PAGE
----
It is not fair for you to always see the strength that remains and the good that is done in honor of Ruthie Lou. All of those things are important. All are valuable. All are true. But it doesn't make it ok, it doesn't mean I am ok. There is also the very real human mama heart that breaks to live without my baby. All the things that I do are the only way I can parent my child-my child who is no longer living. My baby who died.
Every birthday that passes, I celebrate my daughter. I honor her. I remember her. But, I remember her every single day. Just as you think of your babies in the moments that you wake, I also think of mine. Just as you feel excitement and reminisce about the day your child was born and marvel at their growth, I equally cry in pain that I don't have those joyful moments. I miss all the beautiful moments of watching your child grow because she is no longer here.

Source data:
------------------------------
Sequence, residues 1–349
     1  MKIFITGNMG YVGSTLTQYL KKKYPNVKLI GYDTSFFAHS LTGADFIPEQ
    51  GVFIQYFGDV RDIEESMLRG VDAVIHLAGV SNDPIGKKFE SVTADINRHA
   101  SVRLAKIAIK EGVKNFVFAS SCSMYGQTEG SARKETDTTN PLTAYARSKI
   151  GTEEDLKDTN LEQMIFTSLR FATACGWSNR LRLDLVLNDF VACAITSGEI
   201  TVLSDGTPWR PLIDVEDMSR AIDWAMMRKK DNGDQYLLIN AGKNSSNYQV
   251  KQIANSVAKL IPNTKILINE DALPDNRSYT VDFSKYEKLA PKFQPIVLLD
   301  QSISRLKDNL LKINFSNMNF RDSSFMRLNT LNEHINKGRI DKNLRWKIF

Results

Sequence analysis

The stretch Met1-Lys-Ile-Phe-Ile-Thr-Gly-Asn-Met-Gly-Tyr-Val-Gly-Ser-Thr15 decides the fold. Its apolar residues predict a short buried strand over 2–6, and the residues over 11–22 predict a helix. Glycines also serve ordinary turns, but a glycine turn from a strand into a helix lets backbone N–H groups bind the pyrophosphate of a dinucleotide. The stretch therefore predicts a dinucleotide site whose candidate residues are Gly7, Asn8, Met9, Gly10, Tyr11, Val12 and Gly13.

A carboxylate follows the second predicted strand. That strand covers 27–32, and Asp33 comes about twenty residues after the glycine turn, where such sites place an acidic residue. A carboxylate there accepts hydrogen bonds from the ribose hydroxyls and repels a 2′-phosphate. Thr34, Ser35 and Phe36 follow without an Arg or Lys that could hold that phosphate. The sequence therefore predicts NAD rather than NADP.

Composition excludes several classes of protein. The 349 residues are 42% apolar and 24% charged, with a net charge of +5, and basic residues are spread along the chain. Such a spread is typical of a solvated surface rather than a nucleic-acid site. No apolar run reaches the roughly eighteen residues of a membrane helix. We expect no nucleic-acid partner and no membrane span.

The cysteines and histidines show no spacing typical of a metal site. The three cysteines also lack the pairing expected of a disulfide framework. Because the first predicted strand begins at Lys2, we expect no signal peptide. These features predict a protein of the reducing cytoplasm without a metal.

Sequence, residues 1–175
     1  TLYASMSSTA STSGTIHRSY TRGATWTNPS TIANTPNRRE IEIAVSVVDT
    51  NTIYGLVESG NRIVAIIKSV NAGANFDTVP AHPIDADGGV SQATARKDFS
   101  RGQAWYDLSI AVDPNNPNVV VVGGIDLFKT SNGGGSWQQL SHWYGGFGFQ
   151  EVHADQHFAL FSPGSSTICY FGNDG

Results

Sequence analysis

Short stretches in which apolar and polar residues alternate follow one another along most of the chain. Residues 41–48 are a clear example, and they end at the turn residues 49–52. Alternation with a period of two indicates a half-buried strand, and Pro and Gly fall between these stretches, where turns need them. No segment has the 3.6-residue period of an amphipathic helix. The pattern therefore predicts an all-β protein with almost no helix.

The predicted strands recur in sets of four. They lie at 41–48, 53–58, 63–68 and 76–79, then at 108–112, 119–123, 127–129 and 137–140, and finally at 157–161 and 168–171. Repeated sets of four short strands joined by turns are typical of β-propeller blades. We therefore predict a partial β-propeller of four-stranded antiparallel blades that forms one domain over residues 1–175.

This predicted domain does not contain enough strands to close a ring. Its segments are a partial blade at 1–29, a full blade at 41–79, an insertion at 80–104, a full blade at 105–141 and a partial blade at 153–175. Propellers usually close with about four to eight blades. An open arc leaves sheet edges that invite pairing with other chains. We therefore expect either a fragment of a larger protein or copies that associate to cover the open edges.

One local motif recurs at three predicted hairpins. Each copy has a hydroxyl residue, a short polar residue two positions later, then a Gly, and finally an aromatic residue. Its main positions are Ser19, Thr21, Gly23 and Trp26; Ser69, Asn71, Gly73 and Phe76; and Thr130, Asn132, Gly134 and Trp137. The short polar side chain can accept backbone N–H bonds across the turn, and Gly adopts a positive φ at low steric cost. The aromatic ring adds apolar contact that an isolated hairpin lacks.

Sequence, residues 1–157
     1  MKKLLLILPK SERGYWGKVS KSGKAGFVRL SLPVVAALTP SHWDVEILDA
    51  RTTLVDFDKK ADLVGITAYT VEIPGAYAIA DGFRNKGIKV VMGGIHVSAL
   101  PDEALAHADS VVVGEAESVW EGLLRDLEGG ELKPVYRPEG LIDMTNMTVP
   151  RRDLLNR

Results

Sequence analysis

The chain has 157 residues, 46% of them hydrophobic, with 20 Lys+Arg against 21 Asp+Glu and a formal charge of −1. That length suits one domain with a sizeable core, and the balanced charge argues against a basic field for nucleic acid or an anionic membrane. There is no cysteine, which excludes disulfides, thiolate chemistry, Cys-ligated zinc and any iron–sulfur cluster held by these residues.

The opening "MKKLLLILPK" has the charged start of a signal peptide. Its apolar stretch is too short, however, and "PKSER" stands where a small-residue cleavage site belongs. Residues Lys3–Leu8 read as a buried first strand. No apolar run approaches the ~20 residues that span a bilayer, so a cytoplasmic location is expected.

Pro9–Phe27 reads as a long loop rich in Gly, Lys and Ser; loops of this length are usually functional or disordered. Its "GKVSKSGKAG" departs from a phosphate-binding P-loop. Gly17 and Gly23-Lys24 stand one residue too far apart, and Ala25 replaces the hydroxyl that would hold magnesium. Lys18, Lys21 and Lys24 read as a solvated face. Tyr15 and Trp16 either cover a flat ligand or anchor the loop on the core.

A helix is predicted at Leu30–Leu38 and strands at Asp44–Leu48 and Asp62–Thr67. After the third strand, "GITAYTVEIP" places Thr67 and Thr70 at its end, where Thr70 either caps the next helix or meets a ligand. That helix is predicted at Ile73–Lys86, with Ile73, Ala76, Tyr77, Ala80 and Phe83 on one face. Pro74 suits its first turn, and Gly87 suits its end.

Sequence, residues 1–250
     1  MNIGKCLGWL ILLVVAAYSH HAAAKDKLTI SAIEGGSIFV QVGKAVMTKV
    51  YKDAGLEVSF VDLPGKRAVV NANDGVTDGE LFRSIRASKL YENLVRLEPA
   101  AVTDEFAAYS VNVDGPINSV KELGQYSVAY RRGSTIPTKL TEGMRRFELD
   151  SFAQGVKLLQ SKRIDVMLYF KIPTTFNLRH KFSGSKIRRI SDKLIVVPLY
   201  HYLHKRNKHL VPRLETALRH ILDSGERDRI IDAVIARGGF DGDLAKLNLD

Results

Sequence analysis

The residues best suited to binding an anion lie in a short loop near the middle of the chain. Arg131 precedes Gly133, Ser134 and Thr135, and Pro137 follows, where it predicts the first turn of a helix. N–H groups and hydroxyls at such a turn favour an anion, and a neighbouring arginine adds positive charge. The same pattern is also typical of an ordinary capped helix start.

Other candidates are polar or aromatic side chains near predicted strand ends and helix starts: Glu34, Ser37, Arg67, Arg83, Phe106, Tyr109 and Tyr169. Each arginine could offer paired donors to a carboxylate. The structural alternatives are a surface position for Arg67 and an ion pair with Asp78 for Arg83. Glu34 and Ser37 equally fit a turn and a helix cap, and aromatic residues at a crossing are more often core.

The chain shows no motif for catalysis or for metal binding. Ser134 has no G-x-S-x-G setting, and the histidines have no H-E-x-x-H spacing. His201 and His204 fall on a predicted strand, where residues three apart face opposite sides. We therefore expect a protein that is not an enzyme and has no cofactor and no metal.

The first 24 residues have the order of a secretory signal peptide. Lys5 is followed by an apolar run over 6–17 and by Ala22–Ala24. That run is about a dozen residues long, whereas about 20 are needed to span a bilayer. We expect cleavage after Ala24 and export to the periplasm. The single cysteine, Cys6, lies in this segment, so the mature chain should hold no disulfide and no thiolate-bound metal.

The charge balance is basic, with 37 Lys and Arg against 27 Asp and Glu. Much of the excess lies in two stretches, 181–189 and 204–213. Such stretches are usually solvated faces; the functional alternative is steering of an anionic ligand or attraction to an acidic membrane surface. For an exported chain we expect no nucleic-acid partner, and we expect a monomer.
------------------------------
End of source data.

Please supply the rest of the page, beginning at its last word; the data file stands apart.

I would choose her again. I would choose her over and over again. The pain does not negate her life, but it is not easy. It is the single most difficult thing that I endure again and again as we surpass milestones, birthdays and the anniversary of her death. It is a daily choice to heal as I live every day without my girl.
I remember my daughter every morning when I wake. I think of her every night as I close my eyes. I hope to dream of her in my sleep. But that's all I get, the thoughts, the memories, the hopes for a glimpse of her beauty.
So today on what would have been her 6th birthday, I will proceed as I always do. I will wake without Ruthie Lou. I remember the beautiful light that she brought to our life. I mother her brothers with all that I have. I will make meals, clean house, entertain small boys and tonight I will kiss two babies instead of three. And when my day is done and I finally get to close my eyes, I hope to have even a glimpse of the baby that I forever long for.
Every day is a day that I miss her.
Every day is today, the day of her birth.
I am mama of three beautiful babes; two sons whom I have the privilege of raising and my daughter who lived for 33 sacred days.